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State v. McCrary

February 25, 2008


On appeal from Superior Court of New Jersey, Law Division, Union County, 05-02-0167-I.

Per curiam.


Submitted October 22, 2007

Before Judges A. A. Rodríguez and Collester.

Tried to a jury, defendant Rasool McCrary was convicted of third-degree possession of cocaine, contrary to N.J.S.A. 2C:35-10(a)(1) (count one); third-degree possession of cocaine with intent to distribute, contrary to N.J.S.A. 2C:35-5(a)(1) and (b)(2) (count two); third-degree possession of cocaine within 1,000 feet of a school, contrary to N.J.S.A. 2C:35-7 (count three); and second-degree possession of cocaine within 500 feet of a public park, contrary to N.J.S.A. 2C:35-7.1 (count four). On December 16, 2005, Judge Marianne Espinosa granted the State's motion for an extended term under N.J.S.A. 2C:46-6(f) and sentenced defendant on count three to a mandatory extended term of eight years with four years of parole ineligibility.

The court then merged counts one, two and four into count three. The court imposed a $5,000 DEDR penalty, $50 lab fee, $50 VCCB penalty, $75 SSCP penalty, $30 LEOTF fine, and suspended defendant's driver's license for six months.

The pertinent testimony at trial was as follows. At approximately 6 p.m. on September 28, 2004, Elizabeth Police Officer James Diorio was sitting in a parked unmarked police car and conducting drug surveillance in the area of 3rd and Court Streets. The weather was overcast and raining when Diorio arrived and saw defendant standing alone on the corner under an umbrella. After about two minutes a man walked into the area, and defendant went to meet him. Following a brief conversation which Diorio could not overhear, the defendant walked to a lower basement window at 255 Court Street, about forty or fifty feet away from Officer Diorio. The defendant reached into the window frame and picked up a plastic bag. Diorio saw him remove a small item from the bag and put it back in the window frame. Defendant walked back to the other man. The man gave defendant money, and the defendant handed him a small object.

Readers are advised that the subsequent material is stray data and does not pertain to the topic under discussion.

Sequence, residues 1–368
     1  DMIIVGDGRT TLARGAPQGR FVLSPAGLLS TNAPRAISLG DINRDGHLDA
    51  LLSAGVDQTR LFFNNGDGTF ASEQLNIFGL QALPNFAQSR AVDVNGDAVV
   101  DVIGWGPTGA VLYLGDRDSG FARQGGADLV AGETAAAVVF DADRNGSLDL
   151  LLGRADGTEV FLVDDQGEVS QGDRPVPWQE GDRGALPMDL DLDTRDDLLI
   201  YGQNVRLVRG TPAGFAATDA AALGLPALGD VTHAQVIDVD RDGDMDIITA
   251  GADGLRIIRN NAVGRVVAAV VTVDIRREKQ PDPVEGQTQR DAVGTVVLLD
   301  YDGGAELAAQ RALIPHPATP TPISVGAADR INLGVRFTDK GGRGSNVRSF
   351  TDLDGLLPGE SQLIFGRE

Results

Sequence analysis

A second transaction took place a short time later when another male approached and talked to the defendant, who then walked past a laundromat and out of sight. Co-defendant Fowler then entered the scene and spoke to the man. They walked down the street, and the man handed Fowler what appeared to be United States currency. Fowler walked to some nearby garages and reached into the frame above a garage door to retrieve something. He then returned and handed the man some small objects.

Diorio drove out of the area and called for back-up to meet him three blocks away. Officers Flatley and Mikros responded. They got into Diorio's car, drove to the corner of 3rd and Court Streets, and saw defendant standing in front of a bail bond agency on the corner and Fowler standing in the door of the nearby laundromat. Both men were arrested. Defendant was searched, and $267 was found on him. Fowler was also searched but only one penny was found on him.

While Flatley and Mikros detained defendant and Fowler, Diorio searched the first lower basement window frame at 255 Court Street where he had seen the defendant earlier remove something. Diorio recovered a plastic bag containing thirteen small glass vials of cocaine. When the searched the top of the middle of three garage doors between the laundromat and 253-55 Court Street where he had seen Fowler earlier, Diorio recovered twelve glassine envelopes of heroin. Diorio testified that both transactions were within 1,000 feet of St. Patrick's School and within 500 feet of Jackson Park.

After Diorio's testimony, Union County Prosecutor's Office Detective Kevin Sicola was called as an expert witness on the identification, packaging, use and sale of narcotics. His qualifications were stipulated. Sicola responded to a hypothetical question by the trial prosecutor that the thirteen vials of cocaine possessed by the defendant and the twelve envelopes of heroin possessed by Fowler were possessed with the intent to distribute. He based his opinion on the quantity of cocaine and heroin, the packaging, the money seized from defendant, the use of a "stash," and the nature of the area where high drug activity had previously been observed.

Finally, the State introduced results of laboratory testing indicating a positive result for cocaine as to the substance possessed by defendant and heroin for the drugs held by Fowler. After the State rested, neither defendant nor Fowler testified nor called any witnesses.

Defendant raises the following arguments for consideration on appeal:


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